Wild will bring Bruce Boudreau back for final year on deal
ST. PAUL -- For most of the Wild’s season-ending news conference at Xcel Energy Center on Tuesday, April 9, coach Bruce Boudreau sat quietly while reporters fired questions at general manager Paul Fenton.
Boudreau got a couple of softballs thrown at him early but was engrossed in his boss’s answers. When attention turned back to him — specifically how he felt about entering next season with one year on his contract — Boudreau seemed surprised.
“I really liked it when you were asking Paul all the questions,” he said.
At least Boudreau knows he still has a job.
As time ran out for a team that failed to make the NHL playoffs for the first time in seven years, there was more than a little speculation that Fenton would not bring Boudreau back. But the Wild’s first-year GM announced, somewhat casually, that Boudreau would be back for a fourth season in Minnesota.
“Bruce is our coach and he’s going to be the guy that is going to lead this team back to where we want to go,” Fenton told reporters.
Beyond that, Fenton declined to commit one way or the other, explaining that he had yet to talk with owner Craig Leipold about any members of the coaching staff. Boudreau is owed about $2.6 million on a four-year deal he signed with Fenton’s predecessor, Chuck Fletcher.
Boudreau expressed no qualms, apparently ready to earn an extension — if he, in fact, wants one. On Friday, the coach said, he and Fenton met for more than four hours to evaluate the season without once broaching the subject.
“I just want to coach,” Boudreau said. “It’s up to me to make this team successful, and whatever happens, happens.”
By most any standard, Boudreau is still one of the NHL’s best head coaches. Although he has never pushed a team past a conference final, Boudreau, 64, has led all three of his teams to the postseason, missing only twice — including, of course, this year. The Wild held the Western Conference’s eighth and final playoff spot when Fenton began tinkering with the roster, sending power forward Nino Niederreiter to Carolina for center Victor Rask on Jan. 17.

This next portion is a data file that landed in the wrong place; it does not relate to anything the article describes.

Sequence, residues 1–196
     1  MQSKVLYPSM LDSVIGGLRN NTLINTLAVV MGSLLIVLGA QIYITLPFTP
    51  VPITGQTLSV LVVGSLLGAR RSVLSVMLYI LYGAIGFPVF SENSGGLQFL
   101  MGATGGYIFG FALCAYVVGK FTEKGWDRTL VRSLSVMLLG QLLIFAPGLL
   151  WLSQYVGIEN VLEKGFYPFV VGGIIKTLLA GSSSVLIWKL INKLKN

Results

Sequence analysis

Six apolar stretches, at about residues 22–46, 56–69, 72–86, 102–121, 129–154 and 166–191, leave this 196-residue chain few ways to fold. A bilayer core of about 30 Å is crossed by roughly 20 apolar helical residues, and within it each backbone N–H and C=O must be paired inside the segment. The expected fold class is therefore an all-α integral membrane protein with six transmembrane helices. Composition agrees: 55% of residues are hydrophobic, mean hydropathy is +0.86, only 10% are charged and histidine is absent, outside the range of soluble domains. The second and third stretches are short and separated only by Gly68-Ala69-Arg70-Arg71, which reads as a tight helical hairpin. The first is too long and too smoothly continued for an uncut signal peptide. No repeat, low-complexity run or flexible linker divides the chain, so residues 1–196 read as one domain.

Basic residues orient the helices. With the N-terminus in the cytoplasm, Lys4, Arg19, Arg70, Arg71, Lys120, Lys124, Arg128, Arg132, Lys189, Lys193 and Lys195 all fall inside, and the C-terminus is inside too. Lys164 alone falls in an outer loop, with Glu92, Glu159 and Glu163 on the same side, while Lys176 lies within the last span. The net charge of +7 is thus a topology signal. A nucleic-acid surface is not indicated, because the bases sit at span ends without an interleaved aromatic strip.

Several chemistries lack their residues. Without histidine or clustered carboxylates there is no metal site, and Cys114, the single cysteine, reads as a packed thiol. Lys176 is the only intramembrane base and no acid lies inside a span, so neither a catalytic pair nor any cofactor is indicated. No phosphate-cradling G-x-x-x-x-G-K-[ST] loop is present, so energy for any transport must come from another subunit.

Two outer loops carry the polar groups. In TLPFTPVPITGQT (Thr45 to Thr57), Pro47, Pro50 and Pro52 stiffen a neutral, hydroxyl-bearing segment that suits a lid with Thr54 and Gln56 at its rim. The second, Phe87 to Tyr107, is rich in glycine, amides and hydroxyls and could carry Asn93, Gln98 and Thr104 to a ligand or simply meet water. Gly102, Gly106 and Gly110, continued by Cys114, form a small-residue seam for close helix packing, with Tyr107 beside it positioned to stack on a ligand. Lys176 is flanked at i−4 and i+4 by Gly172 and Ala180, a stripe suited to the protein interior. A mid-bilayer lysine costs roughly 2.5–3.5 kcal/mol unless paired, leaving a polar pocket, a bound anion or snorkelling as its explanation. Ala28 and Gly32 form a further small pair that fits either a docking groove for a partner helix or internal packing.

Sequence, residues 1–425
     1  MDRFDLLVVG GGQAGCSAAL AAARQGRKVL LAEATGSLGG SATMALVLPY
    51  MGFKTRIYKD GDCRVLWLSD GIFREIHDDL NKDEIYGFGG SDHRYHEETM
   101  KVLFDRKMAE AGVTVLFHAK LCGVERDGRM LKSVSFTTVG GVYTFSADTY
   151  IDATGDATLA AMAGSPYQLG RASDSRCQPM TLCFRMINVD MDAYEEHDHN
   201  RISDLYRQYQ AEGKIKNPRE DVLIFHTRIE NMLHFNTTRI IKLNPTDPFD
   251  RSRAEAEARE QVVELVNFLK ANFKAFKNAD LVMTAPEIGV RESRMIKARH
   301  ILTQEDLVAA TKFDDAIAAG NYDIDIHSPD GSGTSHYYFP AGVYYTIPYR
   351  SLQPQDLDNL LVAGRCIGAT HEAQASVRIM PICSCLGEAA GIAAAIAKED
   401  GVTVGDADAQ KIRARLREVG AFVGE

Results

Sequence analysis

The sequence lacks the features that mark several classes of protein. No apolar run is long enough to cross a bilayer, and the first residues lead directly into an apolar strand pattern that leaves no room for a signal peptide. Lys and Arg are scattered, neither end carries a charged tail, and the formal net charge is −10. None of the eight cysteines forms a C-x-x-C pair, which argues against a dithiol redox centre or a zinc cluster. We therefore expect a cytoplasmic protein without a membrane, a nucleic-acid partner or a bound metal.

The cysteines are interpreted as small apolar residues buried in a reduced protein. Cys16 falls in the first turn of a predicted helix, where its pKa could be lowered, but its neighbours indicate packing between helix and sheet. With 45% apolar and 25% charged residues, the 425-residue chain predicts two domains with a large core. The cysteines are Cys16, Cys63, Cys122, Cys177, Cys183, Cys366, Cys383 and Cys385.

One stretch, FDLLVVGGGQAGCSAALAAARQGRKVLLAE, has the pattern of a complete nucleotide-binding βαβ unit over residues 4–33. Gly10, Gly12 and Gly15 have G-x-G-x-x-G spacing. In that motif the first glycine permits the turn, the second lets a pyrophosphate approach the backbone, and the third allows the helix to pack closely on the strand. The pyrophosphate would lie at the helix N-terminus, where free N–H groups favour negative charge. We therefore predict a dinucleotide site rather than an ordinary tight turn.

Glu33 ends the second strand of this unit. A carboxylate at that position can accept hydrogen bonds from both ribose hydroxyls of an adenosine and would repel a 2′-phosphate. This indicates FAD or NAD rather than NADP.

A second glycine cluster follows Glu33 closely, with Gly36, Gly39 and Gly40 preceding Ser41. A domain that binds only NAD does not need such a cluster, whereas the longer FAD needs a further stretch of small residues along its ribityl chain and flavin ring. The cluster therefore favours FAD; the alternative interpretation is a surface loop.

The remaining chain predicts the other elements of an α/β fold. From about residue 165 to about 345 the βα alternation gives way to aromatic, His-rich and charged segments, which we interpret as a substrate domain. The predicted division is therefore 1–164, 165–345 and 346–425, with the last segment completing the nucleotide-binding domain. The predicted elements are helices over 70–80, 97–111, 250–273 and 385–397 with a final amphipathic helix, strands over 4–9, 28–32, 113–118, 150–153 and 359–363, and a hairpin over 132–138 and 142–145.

The only other time Boudreau has missed the playoffs as a head coach was in 2011-12, when he was fired in Washington and took over a last-place Anaheim team at Christmas time. Missing again, he said Tuesday, “sucks.”
“How else can you put it?” he said. “It just sucks.”
Fenton said he likely will address Boudreau’s contract situation with the coach, but signs point to him at least waiting a while. As he mentioned Tuesday, general managers tend to make changes when they join an organization, and on Monday, Fenton let the contracts expire on assistant GMs Andrew Brunette and Shep Harder.
Fenton also has an ally sitting conspicuously on the Wild bench in Dean Evason, who had been the Nashville Predators’ American Hockey League coach in Milwaukee for six seasons before replacing longtime Boudreau assistant John Anderson before this season. That’s often a bad omen for an incumbent (see: Dwayne Casey) but it would be difficult, and expensive, to blame Boudreau for this season.
In his first two years in Minnesota, his teams earned 106 and 101 points, respectively, and in 2016-17 were the NHL’s second-best scoring team, and he had the team in a playoff spot this season before the roster started shifting beneath his feet — although he declined to make that an excuse.
“I come to work every day, and whoever’s there, I coach,” he said. “I’ve been in another organization where I didn’t know who got sent down or who got called up and I’d have to look at the sweaters every day and say, ‘Oh, he’s here now. OK, good.’ So, we have to adjust on the fly like that. It doesn’t matter what they throw at you. It’s my job to pull it all in and make it work.”
He’ll have at least one more season to do make it work in Minnesota.